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We meet again: Lakeview battles Struthers

November 8, 2013
By JOE SIMON - Tribune Chronicle (jsimon@tribtoday.com) , Underthelights

There are countless differences with Struthers and Lakeview since the two squared off in Week 2 of the regular season, but one stands out more than any other.

The Wildcats beat up Lakeview, 35-14, on Sept. 6 with a dominant second half. One of the biggest plays of the game was a pick-six of Bulldogs sophomore quarterback Angelo Marino, who was starting his second career game under center.

Eight weeks later, the two meet again at 7:30 p.m. tonight at Laddie Fedor Field in a Division IV, Region 11 first-round showdown. This time around, both teams expect a different Marino.

Both coaches agreed the QB has grown quite a bit since the Wildcats (8-2) blew out Lakeview (7-3). His decision making is better. He makes audibles at the line of scrimmage. He's able to throw the ball downfield with confidence, and he's also a major threat out of the backfield.

Struthers coach Curt Kuntz is well aware of Marino's progress and versatility.

"The biggest difference is that they had a sophomore quarterback in his second game ever, and he kind of played like a sophomore at times," Kuntz said. "Coach (Tom) Pavlansky and I have a relationship, and I texted him a few days after the game, and I said, 'Your quarterback is going to be a special player,' and I was right. In the past eight games, he's improved every week."

Marino has completed 88 of 164 passes for 1,479 yards, 11 touchdowns and 11 interceptions (he also has 806 rushing yards and nine TDs on the ground). A sign of his development is that six of his picks came in the first three weeks - all losses - but he has nine touchdowns and five interceptions since then.

Equally important has been the play of the Bulldogs' defense, which is allowing 5.6 points per game over its last five contests. They'll need to keep it up against the powerful rushing attack of the Wildcats, which ripped Lakeview's defense for 227 yards and four touchdowns.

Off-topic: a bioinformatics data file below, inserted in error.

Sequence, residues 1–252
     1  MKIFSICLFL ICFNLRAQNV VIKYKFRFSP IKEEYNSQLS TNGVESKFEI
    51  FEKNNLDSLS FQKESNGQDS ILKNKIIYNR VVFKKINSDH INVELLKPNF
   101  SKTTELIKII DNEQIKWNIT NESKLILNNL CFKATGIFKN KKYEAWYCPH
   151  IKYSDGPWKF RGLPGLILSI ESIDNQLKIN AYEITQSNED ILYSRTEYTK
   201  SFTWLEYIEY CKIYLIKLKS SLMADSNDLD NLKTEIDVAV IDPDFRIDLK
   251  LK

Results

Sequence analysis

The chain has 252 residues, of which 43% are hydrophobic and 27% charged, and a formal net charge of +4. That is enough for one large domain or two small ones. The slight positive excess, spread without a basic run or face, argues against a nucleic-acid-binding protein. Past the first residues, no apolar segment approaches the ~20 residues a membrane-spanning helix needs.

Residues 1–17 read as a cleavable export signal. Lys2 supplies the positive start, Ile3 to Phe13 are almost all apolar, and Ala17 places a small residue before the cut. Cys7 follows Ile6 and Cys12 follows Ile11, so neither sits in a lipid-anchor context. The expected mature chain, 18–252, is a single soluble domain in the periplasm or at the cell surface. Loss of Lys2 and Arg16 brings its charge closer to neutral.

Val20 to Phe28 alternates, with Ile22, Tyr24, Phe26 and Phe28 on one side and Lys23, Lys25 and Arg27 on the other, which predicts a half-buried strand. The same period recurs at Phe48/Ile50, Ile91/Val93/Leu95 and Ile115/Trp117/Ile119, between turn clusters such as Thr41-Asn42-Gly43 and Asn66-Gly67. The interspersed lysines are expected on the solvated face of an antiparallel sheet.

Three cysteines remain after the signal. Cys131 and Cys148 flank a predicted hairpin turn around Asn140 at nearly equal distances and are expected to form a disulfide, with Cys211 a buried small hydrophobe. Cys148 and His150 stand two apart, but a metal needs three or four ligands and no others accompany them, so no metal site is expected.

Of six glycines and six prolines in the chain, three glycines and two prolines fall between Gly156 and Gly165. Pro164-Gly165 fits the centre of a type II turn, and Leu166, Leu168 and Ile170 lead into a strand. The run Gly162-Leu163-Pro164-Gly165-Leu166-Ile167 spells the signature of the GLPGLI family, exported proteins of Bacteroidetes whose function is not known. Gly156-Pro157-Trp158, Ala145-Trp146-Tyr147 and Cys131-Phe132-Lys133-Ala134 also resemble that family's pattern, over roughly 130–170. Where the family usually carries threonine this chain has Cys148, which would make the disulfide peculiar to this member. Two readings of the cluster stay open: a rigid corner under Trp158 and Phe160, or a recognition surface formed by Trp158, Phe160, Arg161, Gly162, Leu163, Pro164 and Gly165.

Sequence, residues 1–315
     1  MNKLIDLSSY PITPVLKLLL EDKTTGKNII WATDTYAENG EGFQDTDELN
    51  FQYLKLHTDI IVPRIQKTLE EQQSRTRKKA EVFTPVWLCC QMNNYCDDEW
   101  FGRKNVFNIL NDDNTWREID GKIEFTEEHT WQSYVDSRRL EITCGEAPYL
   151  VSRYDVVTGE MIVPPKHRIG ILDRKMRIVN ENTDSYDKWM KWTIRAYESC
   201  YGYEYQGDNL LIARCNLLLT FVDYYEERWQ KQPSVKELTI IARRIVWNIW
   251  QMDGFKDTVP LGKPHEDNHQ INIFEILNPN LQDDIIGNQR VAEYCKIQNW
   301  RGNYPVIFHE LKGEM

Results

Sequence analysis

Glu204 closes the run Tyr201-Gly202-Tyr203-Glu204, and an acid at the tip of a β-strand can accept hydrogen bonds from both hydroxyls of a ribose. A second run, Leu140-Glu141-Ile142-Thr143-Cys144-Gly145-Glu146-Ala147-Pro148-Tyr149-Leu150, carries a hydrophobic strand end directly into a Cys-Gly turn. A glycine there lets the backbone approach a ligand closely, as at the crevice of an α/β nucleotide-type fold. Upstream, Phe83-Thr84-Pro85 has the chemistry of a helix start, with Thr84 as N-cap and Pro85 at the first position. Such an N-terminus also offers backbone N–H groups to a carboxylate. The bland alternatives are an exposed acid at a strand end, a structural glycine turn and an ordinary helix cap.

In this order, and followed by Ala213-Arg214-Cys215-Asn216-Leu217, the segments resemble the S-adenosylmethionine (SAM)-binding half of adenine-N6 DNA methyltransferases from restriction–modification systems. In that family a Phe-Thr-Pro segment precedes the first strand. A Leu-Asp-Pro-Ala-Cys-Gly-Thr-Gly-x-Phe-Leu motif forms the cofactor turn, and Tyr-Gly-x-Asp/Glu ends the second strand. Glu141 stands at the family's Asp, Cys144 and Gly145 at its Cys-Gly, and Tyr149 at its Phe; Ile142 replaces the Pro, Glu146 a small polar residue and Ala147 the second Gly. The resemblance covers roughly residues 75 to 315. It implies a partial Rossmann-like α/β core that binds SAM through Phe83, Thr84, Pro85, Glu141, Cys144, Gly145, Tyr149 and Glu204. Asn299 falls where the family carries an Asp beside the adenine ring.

"They do a tremendous job running the ball, and we have to limit them in terms of that," Pavlansky said. "We have to a better job of stopping the run and try to get them in a down and distance that they're not used to and see what happens."

Luke Witkowski, a 6-foot, 175-pound junior, is the catalyst behind Struthers ground game. He's accounted for 1,206 yards, 10 touchdowns and is averaging 8.3 yards per carry. He led the charge in the first matchup with 149 yards and two touchdowns on 17 carries. The running game will be critical in what should be a damp and muddy field. The Wildcats, whose only losses were to Hubbard (10-0) and Poland (9-1), believe that plays in their favor, thanks to their rushing attack and a defense allowing just 14 points per game.

"Physical," said Kuntz when asked to describe the identity of his team. "We try to be the most physical offense on the field. If you're in northeast Ohio and your goal is get into Week 11, you better be a physical football team and be able to run the ball."

The fact that each team is familiar with the other means a few adjustments and wrinkles will be added, the coaches said, but neither gave away any hints. Pavlansky and Kuntz each emphasized the importance of taking care of the ball, avoiding negative plays and handling the moment.

"They physically beat us up (in the first game)," Pavlansky said. "We got our work cut out for us. We know the place is going to be packed. We know the hostile environment we're getting into, and our kids are excited about it."